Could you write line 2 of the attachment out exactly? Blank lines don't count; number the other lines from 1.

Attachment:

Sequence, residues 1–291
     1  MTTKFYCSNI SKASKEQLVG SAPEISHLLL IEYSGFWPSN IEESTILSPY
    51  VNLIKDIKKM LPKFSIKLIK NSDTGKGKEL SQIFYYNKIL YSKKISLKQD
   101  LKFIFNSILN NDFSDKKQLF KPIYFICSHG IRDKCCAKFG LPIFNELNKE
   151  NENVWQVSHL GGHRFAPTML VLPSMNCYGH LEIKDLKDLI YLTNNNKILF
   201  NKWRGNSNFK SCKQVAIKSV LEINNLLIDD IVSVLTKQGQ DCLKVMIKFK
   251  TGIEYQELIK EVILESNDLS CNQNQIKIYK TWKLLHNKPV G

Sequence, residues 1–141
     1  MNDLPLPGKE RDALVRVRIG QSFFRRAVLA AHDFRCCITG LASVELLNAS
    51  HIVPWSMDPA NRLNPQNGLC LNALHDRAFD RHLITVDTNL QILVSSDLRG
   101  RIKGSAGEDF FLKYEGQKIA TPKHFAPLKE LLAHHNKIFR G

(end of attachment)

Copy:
     1  MTTKFYCSNI SKASKEQLVG SAPEISHLLL IEYSGFWPSN IEESTILSPY